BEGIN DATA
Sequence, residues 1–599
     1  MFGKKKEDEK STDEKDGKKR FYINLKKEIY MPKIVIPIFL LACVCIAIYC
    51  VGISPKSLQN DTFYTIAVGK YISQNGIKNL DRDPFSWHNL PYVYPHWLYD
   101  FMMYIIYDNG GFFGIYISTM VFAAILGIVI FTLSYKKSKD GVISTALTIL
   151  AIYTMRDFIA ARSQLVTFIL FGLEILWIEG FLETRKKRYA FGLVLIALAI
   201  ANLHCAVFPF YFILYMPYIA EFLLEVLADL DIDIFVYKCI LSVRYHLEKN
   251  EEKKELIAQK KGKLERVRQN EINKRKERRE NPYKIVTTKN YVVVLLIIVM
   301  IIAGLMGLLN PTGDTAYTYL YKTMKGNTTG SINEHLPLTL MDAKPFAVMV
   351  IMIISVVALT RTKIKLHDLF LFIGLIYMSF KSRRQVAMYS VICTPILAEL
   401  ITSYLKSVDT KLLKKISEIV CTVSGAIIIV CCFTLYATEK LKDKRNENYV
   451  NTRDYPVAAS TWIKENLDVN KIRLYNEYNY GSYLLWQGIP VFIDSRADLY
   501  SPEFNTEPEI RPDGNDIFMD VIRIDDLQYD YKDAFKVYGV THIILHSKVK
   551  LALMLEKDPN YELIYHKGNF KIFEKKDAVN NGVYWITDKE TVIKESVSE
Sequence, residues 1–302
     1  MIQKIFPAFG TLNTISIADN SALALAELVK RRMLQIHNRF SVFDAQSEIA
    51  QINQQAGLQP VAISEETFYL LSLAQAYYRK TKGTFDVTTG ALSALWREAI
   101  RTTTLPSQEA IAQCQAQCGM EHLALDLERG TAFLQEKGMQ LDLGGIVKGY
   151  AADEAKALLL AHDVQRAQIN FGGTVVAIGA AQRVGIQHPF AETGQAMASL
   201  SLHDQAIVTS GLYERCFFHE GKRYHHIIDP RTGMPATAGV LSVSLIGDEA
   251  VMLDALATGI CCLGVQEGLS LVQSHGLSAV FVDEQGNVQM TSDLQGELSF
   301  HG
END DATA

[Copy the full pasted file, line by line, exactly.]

Sequence, residues 1–599
     1  MFGKKKEDEK STDEKDGKKR FYINLKKEIY MPKIVIPIFL LACVCIAIYC
    51  VGISPKSLQN DTFYTIAVGK YISQNGIKNL DRDPFSWHNL PYVYPHWLYD
   101  FMMYIIYDNG GFFGIYISTM VFAAILGIVI FTLSYKKSKD GVISTALTIL
   151  AIYTMRDFIA ARSQLVTFIL FGLEILWIEG FLETRKKRYA FGLVLIALAI
   201  ANLHCAVFPF YFILYMPYIA EFLLEVLADL DIDIFVYKCI LSVRYHLEKN
   251  EEKKELIAQK KGKLERVRQN EINKRKERRE NPYKIVTTKN YVVVLLIIVM
   301  IIAGLMGLLN PTGDTAYTYL YKTMKGNTTG SINEHLPLTL MDAKPFAVMV
   351  IMIISVVALT RTKIKLHDLF LFIGLIYMSF KSRRQVAMYS VICTPILAEL
   401  ITSYLKSVDT KLLKKISEIV CTVSGAIIIV CCFTLYATEK LKDKRNENYV
   451  NTRDYPVAAS TWIKENLDVN KIRLYNEYNY GSYLLWQGIP VFIDSRADLY
   501  SPEFNTEPEI RPDGNDIFMD VIRIDDLQYD YKDAFKVYGV THIILHSKVK
   551  LALMLEKDPN YELIYHKGNF KIFEKKDAVN NGVYWITDKE TVIKESVSE
Sequence, residues 1–302
     1  MIQKIFPAFG TLNTISIADN SALALAELVK RRMLQIHNRF SVFDAQSEIA
    51  QINQQAGLQP VAISEETFYL LSLAQAYYRK TKGTFDVTTG ALSALWREAI
   101  RTTTLPSQEA IAQCQAQCGM EHLALDLERG TAFLQEKGMQ LDLGGIVKGY
   151  AADEAKALLL AHDVQRAQIN FGGTVVAIGA AQRVGIQHPF AETGQAMASL
   201  SLHDQAIVTS GLYERCFFHE GKRYHHIIDP RTGMPATAGV LSVSLIGDEA
   251  VMLDALATGI CCLGVQEGLS LVQSHGLSAV FVDEQGNVQM TSDLQGELSF
   301  HG